Bonus Content from October 13th (1 Peter 3:1-7)

1)  I mentioned in the sermon that early in our marriage, I was in the habit of asking Sarah intentional questions to understand her better. I found an index card with those questions last week while cleaning out boxes, and was convicted regarding the importance of resuming my old practice. You asked for the questions. Here is the full list:
 

What could I do to make you feel more loved and cherished?

How can I best demonstrate my appreciation for you?

To what degree do you feel like I understand your heart?

To what degree do you feel secure with me?

To what degree are you confident in our future direction?

What attribute/practice would you like me to develop/improve?

What attribute/practice would you like me to help you develop in yourself?

What mutual goal would you like to see us accomplish?

 

2)  I addressed it in the sermon and no questions were subsequently asked about it, but the issue of this passage’s applicability in 2019 is a massive one. I argued in the sermon that while we decline to greet each other with kisses (though such a greeting is commanded in four different New Testament letters), we do continue to teach differentiation in roles within a marriage. Why one and not the other? Below is a brief outline of a response.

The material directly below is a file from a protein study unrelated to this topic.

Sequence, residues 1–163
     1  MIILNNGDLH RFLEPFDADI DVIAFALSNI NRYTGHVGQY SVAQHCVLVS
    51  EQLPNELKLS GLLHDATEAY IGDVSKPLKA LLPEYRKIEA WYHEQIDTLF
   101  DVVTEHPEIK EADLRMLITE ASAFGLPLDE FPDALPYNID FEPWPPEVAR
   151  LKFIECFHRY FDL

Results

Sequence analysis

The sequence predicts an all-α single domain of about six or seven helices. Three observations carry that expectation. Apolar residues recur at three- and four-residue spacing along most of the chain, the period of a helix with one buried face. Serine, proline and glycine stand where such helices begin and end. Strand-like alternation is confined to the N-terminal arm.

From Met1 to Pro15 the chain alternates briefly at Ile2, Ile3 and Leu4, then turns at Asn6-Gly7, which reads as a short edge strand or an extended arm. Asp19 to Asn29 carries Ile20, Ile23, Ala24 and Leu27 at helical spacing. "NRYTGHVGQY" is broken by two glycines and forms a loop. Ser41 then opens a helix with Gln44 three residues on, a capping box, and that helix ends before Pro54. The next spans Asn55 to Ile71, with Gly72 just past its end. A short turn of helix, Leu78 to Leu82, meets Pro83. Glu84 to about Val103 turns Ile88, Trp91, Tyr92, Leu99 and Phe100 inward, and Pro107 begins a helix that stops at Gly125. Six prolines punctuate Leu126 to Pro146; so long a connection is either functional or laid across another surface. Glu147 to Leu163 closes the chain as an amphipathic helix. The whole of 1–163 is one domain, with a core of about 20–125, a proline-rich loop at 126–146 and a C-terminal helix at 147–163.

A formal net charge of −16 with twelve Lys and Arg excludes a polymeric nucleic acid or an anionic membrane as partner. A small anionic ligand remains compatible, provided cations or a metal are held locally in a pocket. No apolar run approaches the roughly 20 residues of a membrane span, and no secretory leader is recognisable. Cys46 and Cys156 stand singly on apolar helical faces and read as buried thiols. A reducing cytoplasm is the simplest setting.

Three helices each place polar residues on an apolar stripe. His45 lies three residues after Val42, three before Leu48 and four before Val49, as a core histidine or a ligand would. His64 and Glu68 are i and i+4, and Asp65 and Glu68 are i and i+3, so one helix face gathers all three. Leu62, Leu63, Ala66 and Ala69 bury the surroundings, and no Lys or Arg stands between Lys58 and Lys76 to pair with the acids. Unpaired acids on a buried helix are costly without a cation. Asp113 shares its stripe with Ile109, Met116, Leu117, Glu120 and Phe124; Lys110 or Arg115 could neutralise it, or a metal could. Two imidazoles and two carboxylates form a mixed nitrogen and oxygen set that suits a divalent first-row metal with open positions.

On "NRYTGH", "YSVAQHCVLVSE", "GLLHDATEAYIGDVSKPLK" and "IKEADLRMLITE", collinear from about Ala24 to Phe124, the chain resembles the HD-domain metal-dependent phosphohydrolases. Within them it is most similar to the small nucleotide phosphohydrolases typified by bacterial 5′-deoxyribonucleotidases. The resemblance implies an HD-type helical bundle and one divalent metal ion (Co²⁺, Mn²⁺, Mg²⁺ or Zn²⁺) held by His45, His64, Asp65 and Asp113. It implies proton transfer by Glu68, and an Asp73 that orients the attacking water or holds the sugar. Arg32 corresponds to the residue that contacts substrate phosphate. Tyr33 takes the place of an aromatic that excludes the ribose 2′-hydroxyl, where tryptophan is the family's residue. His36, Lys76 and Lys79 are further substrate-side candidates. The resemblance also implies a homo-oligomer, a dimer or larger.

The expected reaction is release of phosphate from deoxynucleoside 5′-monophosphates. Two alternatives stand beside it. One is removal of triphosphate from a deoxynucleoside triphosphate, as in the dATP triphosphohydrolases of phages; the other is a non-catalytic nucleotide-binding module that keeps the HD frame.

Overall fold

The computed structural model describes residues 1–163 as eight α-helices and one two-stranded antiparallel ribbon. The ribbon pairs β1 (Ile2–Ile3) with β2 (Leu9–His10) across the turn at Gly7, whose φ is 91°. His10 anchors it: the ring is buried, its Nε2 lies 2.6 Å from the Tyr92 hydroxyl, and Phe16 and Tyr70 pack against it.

– While the holy kiss may be appropriate in some cultures, in other cultures it may communicate something very different from the  intent of the biblical command. A “hearty handshake” may cause less confusion and thereby communicate affection more effectively in our context. However, the commands regarding role differentiation in marriage are rooted in the creation order itself. In Genesis 1-2, before sin ever entered the world, Adam was given a task and then given a helper to come alongside him in that task.

– When Peter gives the reason for his teaching on marriage, he appeals not to cultural conventions and apologetic sensitivity but rather to Sarah and the holy women of God in the past. His argument is that the women of his day should return to the way the women in the past adorned themselves and submitted to their husbands. As a particular culture moves further in the anti-submission, outward-adornment direction Peter saw it moving in his own day, it seems that his instructions (rather than being negated) only become more important.

– Some say that to have role distinctions inherently involves inequality. In other words, “equal in essence but distinct in roles” is a logical impossibility, like “separate but equal” was in the 1950s (“separate but equal is inherently unequal”). Some even suggest that Paul eventually realized this, and they point to Galatians 3:28 as a late development in Paul’s thought – that as he progressed, he realized that role distinctions between male and female were dissolved in Christ. “No male or female in Christ,” then, becomes an overarching truth that trumps specific commands given to believers in particular locales. Here in 1 Peter 3:1-7, however, we see that Peter clearly saw no contradiction between being equal in essence/value/worth and being distinct in roles/authority. In the same passage in which he affirms equal essence/value/worth (3:7), he reiterates distinction in role (3:1).